Network Working Group P. Hoffman
Request for Comments: 2368 Internet Mail Consortium
Updates: 1738, 1808 L. Masinter
Category: Standards Track Xerox Corporation
July 1998 The mailto URL scheme
Status of this Memo
This document specifies an Internet standards track protocol for the
Internet community, and requests discussion and suggestions for
improvements. Please refer to the current edition of the "Internet
Official Protocol Standards" (STD 1) for the standardization state
and status of this protocol. Distribution of this memo is unlimited.
Copyright (C) The Internet Society (1998). All Rights Reserved.
This document defines the format of Uniform Resource Locators (URL)
for designating electronic mail addresses. It is one of a suite of
documents which replace RFC 1738, 'Uniform Resource Locators', and
RFC 1808, 'Relative Uniform Resource Locators'. The syntax of
'mailto' URLs from RFC 1738 is extended to allow creation of more RFC
822 messages by allowing the URL to express additional header and
The mailto URL scheme is used to designate the Internet mailing
address of an individual or service. In its simplest form, a mailto
URL contains an Internet mail address.
For greater functionality, because interaction with some resources
may require message headers or message bodies to be specified as well
as the mail address, the mailto URL scheme is extended to allow
setting mail header fields and the message body.
2. Syntax of a mailto URL
Following the syntax conventions of RFC 1738 [RFC1738], a "mailto"
URL has the form:
mailtoURL = "mailto:" [ to ] [ headers ]
to = #mailbox
headers = "?" header *( "&" header )
header = hname "=" hvalue
hname = *urlc
hvalue = *urlc
"#mailbox" is as specified in RFC 822 [RFC822]. This means that it
consists of zero or more comma-separated mail addresses, possibly
including "phrase" and "comment" components. Note that all URL
reserved characters in "to" must be encoded: in particular,
parentheses, commas, and the percent sign ("%"), which commonly occur
in the "mailbox" syntax.
"hname" and "hvalue" are encodings of an RFC 822 header name and
value, respectively. As with "to", all URL reserved characters must
The special hname "body" indicates that the associated hvalue is the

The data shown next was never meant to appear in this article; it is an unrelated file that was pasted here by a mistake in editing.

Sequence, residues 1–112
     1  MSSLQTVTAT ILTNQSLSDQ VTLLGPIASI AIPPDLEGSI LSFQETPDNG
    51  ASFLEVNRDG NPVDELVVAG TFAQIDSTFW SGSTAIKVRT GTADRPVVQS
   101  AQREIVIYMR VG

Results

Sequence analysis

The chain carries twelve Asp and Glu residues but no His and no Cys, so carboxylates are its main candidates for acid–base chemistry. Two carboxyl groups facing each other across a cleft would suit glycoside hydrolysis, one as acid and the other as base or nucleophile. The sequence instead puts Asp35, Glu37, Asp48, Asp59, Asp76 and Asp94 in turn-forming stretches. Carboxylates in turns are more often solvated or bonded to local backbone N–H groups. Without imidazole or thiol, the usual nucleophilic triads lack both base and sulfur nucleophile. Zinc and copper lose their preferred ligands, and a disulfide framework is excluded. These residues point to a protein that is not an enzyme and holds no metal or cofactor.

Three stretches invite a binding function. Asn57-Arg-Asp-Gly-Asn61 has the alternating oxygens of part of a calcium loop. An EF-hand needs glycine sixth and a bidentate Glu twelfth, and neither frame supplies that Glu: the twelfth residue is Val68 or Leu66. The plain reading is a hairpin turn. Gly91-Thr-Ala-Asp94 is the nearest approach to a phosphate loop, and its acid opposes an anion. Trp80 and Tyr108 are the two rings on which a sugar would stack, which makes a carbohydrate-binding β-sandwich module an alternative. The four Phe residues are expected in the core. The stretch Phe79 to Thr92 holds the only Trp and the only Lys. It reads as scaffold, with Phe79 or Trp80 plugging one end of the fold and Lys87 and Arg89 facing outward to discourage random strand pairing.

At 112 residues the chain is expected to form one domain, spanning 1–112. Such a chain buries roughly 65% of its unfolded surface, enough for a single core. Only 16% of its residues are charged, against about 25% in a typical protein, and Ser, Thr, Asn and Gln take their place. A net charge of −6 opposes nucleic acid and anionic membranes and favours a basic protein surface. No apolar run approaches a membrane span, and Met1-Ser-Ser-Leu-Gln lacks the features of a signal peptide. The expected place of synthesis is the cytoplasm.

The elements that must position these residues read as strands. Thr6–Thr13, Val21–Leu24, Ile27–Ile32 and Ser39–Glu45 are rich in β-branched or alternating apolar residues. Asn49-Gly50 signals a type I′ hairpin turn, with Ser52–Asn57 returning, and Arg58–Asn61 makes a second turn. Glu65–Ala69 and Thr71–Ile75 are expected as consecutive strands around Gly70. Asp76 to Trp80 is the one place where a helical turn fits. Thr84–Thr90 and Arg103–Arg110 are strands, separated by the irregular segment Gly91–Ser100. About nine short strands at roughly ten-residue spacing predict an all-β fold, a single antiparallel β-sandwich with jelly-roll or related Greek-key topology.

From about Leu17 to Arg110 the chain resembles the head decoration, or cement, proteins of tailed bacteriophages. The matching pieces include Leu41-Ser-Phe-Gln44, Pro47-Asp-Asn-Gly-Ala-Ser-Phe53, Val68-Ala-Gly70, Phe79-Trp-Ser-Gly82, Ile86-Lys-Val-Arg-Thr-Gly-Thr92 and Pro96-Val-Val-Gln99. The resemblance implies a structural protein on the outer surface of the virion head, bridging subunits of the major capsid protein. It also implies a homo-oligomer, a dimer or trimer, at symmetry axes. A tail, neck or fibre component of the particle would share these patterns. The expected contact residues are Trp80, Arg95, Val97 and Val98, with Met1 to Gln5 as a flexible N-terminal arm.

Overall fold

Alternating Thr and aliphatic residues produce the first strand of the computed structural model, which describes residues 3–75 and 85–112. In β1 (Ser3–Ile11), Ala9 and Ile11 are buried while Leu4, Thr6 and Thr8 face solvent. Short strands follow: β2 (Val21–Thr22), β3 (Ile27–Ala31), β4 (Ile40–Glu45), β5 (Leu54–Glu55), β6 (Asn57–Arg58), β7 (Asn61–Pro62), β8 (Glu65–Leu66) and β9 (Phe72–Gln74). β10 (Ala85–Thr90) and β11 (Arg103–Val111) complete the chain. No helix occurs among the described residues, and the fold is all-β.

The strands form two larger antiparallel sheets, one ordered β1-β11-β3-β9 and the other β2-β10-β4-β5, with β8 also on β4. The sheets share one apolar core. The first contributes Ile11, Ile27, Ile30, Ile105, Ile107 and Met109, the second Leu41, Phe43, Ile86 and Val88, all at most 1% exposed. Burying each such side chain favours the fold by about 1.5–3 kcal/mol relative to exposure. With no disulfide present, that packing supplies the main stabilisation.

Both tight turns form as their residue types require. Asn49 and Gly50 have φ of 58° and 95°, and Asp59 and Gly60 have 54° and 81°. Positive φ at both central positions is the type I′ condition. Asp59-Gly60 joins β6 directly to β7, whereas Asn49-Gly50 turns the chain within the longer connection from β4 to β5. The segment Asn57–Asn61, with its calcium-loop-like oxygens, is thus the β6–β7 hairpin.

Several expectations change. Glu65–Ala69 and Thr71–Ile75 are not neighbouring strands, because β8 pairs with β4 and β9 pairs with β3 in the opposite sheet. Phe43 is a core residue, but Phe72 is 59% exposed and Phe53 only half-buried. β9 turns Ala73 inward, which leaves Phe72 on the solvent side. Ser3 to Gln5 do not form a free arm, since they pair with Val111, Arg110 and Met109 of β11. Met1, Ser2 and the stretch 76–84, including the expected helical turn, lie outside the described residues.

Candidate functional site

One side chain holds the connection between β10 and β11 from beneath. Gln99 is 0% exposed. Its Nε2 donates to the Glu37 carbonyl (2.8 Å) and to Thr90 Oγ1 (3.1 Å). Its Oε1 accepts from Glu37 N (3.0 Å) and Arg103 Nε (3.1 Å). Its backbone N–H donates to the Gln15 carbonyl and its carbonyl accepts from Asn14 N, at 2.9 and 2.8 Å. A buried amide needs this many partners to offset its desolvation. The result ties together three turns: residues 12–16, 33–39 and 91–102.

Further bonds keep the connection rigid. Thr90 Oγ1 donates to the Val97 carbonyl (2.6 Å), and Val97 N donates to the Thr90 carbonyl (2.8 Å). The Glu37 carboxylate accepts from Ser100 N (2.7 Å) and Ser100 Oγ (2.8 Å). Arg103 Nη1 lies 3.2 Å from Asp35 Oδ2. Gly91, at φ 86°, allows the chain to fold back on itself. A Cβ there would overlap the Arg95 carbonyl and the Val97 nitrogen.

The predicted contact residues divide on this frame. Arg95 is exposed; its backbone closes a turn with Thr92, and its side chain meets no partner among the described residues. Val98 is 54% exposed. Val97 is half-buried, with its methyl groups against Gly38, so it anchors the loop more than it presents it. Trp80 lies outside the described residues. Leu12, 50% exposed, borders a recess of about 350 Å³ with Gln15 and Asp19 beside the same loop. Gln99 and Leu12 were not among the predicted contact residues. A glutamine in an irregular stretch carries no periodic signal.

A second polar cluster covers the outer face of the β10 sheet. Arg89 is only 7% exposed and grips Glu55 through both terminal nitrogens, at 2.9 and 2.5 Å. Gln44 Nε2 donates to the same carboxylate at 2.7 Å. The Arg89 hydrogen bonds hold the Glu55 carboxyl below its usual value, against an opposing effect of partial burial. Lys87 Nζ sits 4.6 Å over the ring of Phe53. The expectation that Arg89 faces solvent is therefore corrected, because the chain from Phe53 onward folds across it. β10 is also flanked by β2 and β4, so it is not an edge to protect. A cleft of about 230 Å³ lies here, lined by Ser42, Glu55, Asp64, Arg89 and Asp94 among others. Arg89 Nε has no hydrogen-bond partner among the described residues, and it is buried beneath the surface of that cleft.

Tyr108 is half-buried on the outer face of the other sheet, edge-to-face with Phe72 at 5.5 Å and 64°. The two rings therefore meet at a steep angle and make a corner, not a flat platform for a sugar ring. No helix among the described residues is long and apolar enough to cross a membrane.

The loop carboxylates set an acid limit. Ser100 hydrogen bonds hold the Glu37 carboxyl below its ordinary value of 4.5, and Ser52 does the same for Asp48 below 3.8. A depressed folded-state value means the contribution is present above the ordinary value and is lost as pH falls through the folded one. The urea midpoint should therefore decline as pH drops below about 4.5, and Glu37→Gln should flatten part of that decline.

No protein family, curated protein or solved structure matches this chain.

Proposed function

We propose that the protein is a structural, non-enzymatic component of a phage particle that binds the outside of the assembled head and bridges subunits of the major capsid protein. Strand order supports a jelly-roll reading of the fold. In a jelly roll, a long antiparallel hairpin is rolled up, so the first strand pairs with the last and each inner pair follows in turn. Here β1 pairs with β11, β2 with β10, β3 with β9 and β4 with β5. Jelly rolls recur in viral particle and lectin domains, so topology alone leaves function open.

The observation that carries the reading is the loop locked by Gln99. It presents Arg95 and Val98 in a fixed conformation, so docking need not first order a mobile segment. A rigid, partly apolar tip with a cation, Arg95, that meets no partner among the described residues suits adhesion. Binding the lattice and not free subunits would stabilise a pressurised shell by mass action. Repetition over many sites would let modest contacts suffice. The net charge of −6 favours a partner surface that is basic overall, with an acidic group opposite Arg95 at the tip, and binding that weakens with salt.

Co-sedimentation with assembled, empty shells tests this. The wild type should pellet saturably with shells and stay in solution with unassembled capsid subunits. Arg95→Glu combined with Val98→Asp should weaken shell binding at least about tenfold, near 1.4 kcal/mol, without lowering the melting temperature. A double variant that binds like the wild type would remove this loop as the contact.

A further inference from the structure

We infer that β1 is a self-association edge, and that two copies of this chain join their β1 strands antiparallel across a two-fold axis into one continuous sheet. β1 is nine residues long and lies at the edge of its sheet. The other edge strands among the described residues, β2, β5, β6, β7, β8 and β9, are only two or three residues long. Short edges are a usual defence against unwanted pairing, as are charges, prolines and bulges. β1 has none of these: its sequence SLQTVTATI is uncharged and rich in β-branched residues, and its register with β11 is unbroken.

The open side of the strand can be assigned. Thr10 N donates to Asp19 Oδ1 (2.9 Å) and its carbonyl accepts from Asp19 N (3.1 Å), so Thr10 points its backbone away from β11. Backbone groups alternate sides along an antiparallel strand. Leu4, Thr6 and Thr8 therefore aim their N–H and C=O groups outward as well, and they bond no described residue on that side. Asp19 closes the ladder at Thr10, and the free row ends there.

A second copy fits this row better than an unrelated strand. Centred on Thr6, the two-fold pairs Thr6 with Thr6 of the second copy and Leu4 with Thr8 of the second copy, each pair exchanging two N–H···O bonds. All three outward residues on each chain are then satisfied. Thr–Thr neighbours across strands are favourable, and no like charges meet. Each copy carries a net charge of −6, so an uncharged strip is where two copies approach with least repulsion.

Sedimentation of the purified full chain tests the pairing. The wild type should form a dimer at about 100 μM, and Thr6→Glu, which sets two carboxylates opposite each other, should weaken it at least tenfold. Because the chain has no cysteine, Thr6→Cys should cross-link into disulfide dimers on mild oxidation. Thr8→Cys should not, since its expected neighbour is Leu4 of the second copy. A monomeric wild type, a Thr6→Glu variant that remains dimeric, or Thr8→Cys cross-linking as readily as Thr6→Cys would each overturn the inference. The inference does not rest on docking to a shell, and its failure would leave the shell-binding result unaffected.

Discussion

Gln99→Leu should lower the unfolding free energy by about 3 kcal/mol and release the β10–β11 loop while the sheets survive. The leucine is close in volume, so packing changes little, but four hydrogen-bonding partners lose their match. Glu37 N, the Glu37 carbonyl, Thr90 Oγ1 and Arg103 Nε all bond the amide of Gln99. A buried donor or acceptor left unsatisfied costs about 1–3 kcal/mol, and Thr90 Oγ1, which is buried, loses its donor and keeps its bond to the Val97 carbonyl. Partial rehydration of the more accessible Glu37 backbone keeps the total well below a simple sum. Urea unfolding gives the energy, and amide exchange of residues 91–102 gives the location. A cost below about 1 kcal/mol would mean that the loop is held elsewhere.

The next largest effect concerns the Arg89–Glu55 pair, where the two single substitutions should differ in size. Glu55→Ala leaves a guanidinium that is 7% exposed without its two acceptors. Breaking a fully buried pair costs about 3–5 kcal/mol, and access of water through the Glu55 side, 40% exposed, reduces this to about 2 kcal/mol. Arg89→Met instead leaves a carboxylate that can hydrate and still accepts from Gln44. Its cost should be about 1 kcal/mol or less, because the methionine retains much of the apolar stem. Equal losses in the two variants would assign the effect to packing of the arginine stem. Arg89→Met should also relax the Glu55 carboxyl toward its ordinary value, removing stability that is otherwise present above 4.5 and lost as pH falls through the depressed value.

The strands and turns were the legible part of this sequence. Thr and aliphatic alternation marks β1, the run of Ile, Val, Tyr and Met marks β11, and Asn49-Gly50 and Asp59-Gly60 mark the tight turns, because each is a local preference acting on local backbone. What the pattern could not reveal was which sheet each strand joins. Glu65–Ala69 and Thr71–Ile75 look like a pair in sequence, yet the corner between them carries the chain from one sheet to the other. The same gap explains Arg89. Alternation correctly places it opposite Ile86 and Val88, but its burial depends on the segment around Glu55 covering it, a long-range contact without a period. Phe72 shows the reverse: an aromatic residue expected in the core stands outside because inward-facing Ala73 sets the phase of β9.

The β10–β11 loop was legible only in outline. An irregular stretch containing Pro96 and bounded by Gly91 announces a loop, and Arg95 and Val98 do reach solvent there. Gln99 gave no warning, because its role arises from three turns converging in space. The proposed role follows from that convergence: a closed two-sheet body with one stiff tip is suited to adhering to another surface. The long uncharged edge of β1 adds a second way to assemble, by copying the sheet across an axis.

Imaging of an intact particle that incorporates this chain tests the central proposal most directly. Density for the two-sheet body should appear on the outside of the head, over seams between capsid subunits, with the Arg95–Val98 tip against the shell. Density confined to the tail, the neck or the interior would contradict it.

body of the message. The "body" hname should contain the content for
the first text/plain body part of the message. The mailto URL is
primarily intended for generation of short text messages that are
actually the content of automatic processing (such as "subscribe"
messages for mailing lists), not general MIME bodies.
Within mailto URLs, the characters "?", "=", "&" are reserved.
Because the "&" (ampersand) character is reserved in HTML, any mailto
URL which contains an ampersand must be spelled differently in HTML
than in other contexts. A mailto URL which appears in an HTML
document must use "&" instead of "&".
Also note that it is legal to specify both "to" and an "hname" whose
value is "to". That is,
is equivalent to
is equivalent to
8-bit characters in mailto URLs are forbidden. MIME encoded words (as
defined in [RFC2047]) are permitted in header values, but not for any
part of a "body" hname.
3. Semantics and operations
A mailto URL designates an "internet resource", which is the mailbox
specified in the address. When additional headers are supplied, the
resource designated is the same address, but with an additional
profile for accessing the resource. While there are Internet
resources that can only be accessed via electronic mail, the mailto
URL is not intended as a way of retrieving such objects
In current practice, resolving URLs such as those in the "http"
scheme causes an immediate interaction between client software and a
host running an interactive server. The "mailto" URL has unusual
semantics because resolving such a URL does not cause an immediate
interaction. Instead, the client creates a message to the designated
address with the various header fields set as default. The user can
edit the message, send this message unedited, or choose not to send
the message. The operation of how any URL scheme is resolved is not
mandated by the URL specifications.
4. Unsafe headers
The user agent interpreting a mailto URL SHOULD choose not to create
a message if any of the headers are considered dangerous; it may also
choose to create a message with only a subset of the headers given in
the URL. Only the Subject, Keywords, and Body headers are believed
to be both safe and useful.
The creator of a mailto URL cannot expect the resolver of a URL to
understand more than the "subject" and "body" headers. Clients that
resolve mailto URLs into mail messages should be able to correctly
create RFC 822-compliant mail messages using the "subject" and "body"
RFC 1738 requires that many characters in URLs be encoded. This
affects the mailto scheme for some common characters that might
appear in addresses, headers or message contents. One such character
is space (" ", ASCII hex 20). Note the examples above that use "%20"
for space in the message body. Also note that line breaks in the
body of a message MUST be encoded with "%0D%0A".
People creating mailto URLs must be careful to encode any reserved
characters that are used in the URLs so that properly-written URL
interpreters can read them. Also, client software that reads URLs
must be careful to decode strings before creating the mail message so
that the mail messages appear in a form that the recipient will
understand. These strings should be decoded before showing the user